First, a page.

Game-based learning improves training, engagement

November 8, 2017  - By

Grown-up Gaming

Most of us know about serious games that teach real-world applications.

Flight simulators are the most well-known example. Learning to fly multi-million dollar aircraft is simply too costly and too dangerous to train in the real world. Pilots spend hundreds and thousands of hours in flight simulators going over basics and learning to deal with emergency situations.

Doctors are another profession that spends many hours doing simulated procedures.

The military is another.

So are police and emergency responders.

The risks are too great in those professions for real-world training. Immersive training in virtual, simulated environments is the only way to become fully proficient.

The term serious games describes a type of game-based learning, but serious games don’t have to be associated only with jobs that are high cost and high risk. Other examples of fields using serious games include fleet logistics operations, air traffic control, shipping port operations, unmanned aerial systems and driver training.

In all of those games, GIS is a crucial component because it allows game-based learning to transition from the virtual world to the real world.

Back to the Classroom

What was became what is because someone asked what if.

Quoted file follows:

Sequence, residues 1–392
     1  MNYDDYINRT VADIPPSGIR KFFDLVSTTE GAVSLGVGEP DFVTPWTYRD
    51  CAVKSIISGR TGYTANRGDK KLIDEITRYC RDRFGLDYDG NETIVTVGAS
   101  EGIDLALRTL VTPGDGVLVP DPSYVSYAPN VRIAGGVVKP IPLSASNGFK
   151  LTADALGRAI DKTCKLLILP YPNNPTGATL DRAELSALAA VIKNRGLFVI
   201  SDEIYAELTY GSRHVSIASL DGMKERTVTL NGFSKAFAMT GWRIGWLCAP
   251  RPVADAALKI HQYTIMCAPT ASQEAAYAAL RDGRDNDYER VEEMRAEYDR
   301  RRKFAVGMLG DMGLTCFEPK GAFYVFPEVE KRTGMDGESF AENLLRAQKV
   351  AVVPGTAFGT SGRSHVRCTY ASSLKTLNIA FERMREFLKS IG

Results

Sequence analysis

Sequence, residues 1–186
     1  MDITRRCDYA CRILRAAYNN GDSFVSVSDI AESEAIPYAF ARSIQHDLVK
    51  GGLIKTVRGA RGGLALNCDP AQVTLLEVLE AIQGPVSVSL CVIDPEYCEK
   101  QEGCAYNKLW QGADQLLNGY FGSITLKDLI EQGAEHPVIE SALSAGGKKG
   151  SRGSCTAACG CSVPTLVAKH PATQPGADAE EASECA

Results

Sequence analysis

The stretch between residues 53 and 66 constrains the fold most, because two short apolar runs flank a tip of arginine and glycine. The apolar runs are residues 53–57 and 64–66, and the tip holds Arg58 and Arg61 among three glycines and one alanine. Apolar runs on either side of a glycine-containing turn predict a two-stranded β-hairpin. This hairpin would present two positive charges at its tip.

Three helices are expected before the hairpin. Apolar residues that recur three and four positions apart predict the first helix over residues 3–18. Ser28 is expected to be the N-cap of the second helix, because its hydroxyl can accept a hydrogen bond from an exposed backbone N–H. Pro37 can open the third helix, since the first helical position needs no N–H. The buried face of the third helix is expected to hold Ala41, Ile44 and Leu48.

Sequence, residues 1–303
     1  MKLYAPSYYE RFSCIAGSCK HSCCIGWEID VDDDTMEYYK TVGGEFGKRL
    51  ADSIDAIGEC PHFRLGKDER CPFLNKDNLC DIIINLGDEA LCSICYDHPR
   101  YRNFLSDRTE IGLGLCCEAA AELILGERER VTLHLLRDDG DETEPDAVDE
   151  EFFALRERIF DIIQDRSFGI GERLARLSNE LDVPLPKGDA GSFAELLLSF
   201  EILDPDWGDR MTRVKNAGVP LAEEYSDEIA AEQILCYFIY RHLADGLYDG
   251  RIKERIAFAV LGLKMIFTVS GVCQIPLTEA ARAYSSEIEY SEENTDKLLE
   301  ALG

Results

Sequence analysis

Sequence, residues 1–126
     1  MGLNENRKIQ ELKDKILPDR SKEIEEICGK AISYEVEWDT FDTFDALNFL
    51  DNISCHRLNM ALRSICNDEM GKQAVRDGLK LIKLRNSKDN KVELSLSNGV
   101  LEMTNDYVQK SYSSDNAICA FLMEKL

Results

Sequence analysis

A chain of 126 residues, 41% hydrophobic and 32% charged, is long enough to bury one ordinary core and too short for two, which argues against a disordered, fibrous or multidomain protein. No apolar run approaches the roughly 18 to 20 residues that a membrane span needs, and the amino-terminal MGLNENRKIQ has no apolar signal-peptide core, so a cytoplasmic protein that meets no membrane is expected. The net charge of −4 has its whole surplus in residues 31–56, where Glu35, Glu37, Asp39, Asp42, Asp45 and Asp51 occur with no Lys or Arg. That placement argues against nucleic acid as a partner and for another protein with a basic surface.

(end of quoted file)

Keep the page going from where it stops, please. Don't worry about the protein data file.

“What if,” two words the dogmatists abhor and the idealists herald. The idealists (aka visionaries and dreamers) drive change at an ever-increasing pace. There is never a respite.

I am admittedly a dreamer, but only in my waking hours. From midnight to sunrise I am very much a conservative (aka dogmatist and traditionalist), lest in my sleep I am overtaken by a swifter, stronger, more technically savvy idealist and awaken a dinosaur: Tewelowsaurus Rexus.

So it is in this age of disruption, an economic stalwart in one quarter and a bearish pariah in the next. The archeological rubble of traditional industries piles up.

The education system is such a behemoth, sluggish and dying, unable to compete with emerging technologies and immersive learning. Education RIP — another victim of the internet. But it is more than the battle of brick and mortar versus e-commerce. This extinction is happening because of style over substance.

Traditional schools simply are not attracting the generations of students who grew up in an increasingly connected digital age. What’s in it for me? Is now, what’s here, relates to me? We screamed when we were young and going through the system, but the alternatives were not there. Now, the alternatives are fascinating, engaging and wondrous. Students and the curious line up, wanting to participate.

To understand the difference between the two schools of thought, let’s consider a traditional subject: algebra — a favorite of millions of students year after year. Perhaps you too recall the joys of X over Y and the endless hours enraptured in sheer delight solving for “why,” as in why in tarnation does anyone need to know this?